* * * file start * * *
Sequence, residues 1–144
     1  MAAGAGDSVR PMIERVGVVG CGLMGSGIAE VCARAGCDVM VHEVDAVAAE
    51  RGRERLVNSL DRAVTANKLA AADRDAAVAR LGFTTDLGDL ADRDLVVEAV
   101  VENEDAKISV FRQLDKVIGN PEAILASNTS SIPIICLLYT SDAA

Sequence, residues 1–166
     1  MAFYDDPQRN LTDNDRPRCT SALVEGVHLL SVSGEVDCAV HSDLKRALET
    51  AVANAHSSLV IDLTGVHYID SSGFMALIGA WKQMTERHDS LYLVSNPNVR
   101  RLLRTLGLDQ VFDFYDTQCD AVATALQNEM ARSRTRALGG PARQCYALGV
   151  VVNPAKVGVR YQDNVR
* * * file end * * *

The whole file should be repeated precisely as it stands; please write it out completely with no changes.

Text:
Sequence, residues 1–144
     1  MAAGAGDSVR PMIERVGVVG CGLMGSGIAE VCARAGCDVM VHEVDAVAAE
    51  RGRERLVNSL DRAVTANKLA AADRDAAVAR LGFTTDLGDL ADRDLVVEAV
   101  VENEDAKISV FRQLDKVIGN PEAILASNTS SIPIICLLYT SDAA

Sequence, residues 1–166
     1  MAFYDDPQRN LTDNDRPRCT SALVEGVHLL SVSGEVDCAV HSDLKRALET
    51  AVANAHSSLV IDLTGVHYID SSGFMALIGA WKQMTERHDS LYLVSNPNVR
   101  RLLRTLGLDQ VFDFYDTQCD AVATALQNEM ARSRTRALGG PARQCYALGV
   151  VVNPAKVGVR YQDNVR